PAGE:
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Grizzlies' Byron Scott fakes a drive
VAP96022502-25FEB96-VANCOUVER, B.C., CANADA: Vancouver Grizzlies' Byron Scott fakes a drive to the basket past San Antonio Spurs' Avery Johnson (#6) and Will Perdue (#41) while passing to the point as Vancouver Grizzlies' Bryant Reeves looks on during the first half , February 25, at General Moters Place in Vancouver, B.C. UPI rv/H. Ruckemann
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Selected by San Diego Clippers

Byron Antom Scott (born March 28, 1961, in Ogden, Utah) is a retired American National Basketball Association player and current head coach of the NBA's Cleveland Cavaliers. He was formerly the head coach of the NBA's New Jersey Nets and New Orleans Hornets. He attended Arizona State University. He was an important component of the Los Angeles Lakers championship teams of the mid-to-late 1980s. Scott grew up in Inglewood, California and played at Morningside High School, in the shadow of what was then the Lakers' home arena, The Forum.

Selected by the San Diego Clippers with the 4th pick of the 1983 NBA Draft, he was traded to the Los Angeles Lakers in 1983 in exchange for Norm Nixon. During his playing career, Scott suited up for the Lakers, Indiana Pacers and Vancouver Grizzlies. Scott was a key player for the Lakers during the Showtime era, being a starter alongside Magic Johnson, James Worthy, and Kareem Abdul-Jabbar. He played for the Lakers for 10 consecutive seasons (1983–1993). During that time he won 3 NBA championships (1985, 1987, 1988). As a rookie, he was a member of the 1984 all-rookie team, averaging 10.6 PPG in 22 MPG. He led the NBA in three-point field goal percentage (.433) in 1984-85. 1987-88 was his best season, leading the world champion Lakers in scoring, averaging a career-best 21.7 ppg, and in steals (1.91 spg). Although he was an excellent player and an integral part of one of the greatest teams in NBA history, Byron Scott was never selected to play in the NBA All-Star game. He was the Lakers' starting shooting guard from 1984 until 1993. In 1996-97, the last year of Scott's playing career in the NBA, he went back to the Lakers and proved to be a valuable mentor for a team led by Kobe Bryant and Shaquille O'Neal.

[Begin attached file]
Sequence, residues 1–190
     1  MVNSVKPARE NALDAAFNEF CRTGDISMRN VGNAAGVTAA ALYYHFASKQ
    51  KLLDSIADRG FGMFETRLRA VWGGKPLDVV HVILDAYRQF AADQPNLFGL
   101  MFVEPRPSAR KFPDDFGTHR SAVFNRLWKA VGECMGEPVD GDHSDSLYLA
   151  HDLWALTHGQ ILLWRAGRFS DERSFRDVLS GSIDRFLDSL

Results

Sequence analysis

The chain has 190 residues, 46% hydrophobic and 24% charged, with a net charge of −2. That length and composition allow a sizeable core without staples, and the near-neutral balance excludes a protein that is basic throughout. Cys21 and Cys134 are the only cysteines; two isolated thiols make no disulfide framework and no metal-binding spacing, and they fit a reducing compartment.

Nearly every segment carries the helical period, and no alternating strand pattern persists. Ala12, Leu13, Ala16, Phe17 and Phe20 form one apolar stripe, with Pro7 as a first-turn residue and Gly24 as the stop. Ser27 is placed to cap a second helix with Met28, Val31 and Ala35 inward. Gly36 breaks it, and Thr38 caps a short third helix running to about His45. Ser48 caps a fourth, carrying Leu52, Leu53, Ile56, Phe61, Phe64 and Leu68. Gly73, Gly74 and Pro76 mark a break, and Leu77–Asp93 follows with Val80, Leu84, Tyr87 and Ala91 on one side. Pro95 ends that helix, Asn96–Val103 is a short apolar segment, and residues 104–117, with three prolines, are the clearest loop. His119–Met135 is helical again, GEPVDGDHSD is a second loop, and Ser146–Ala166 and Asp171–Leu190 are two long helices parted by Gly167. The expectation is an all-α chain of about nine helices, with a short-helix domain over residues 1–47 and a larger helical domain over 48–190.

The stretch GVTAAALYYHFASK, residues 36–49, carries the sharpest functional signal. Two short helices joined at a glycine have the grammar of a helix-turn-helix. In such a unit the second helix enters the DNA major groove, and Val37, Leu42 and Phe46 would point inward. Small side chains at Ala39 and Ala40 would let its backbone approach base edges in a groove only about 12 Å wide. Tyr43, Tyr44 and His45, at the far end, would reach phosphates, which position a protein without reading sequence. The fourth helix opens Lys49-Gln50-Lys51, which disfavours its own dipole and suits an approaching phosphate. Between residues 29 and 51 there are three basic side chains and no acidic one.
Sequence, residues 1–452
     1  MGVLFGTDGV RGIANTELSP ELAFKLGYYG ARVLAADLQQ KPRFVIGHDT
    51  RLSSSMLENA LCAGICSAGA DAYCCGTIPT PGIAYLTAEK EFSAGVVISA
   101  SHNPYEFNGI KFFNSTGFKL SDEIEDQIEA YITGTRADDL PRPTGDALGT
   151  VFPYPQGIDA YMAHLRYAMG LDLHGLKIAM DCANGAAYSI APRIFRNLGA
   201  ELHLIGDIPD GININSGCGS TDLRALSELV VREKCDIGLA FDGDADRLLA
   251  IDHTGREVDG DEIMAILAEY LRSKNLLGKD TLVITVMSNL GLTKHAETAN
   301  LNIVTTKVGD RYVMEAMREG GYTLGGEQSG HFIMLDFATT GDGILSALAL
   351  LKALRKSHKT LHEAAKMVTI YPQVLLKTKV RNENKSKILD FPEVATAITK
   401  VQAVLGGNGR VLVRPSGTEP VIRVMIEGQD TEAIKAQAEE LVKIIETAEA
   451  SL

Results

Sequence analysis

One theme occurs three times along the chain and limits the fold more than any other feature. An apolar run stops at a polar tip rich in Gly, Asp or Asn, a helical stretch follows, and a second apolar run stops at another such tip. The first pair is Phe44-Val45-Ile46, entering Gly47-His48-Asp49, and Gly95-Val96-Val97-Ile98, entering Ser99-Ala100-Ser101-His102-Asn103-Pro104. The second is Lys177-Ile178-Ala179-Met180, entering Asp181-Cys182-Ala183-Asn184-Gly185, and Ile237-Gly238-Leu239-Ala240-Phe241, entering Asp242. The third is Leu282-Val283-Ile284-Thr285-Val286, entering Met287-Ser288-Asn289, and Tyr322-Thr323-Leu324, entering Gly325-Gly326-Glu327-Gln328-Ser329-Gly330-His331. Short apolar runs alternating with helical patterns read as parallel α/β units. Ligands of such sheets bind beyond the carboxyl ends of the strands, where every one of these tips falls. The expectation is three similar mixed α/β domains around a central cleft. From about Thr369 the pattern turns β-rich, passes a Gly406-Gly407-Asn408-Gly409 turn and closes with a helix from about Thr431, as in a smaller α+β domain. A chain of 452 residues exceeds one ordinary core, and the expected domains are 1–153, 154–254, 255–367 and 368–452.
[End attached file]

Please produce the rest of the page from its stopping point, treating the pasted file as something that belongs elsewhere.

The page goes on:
This article is licensed under the GNU Free Documentation License.
It uses material from the Wikipedia article "Byron Scott."
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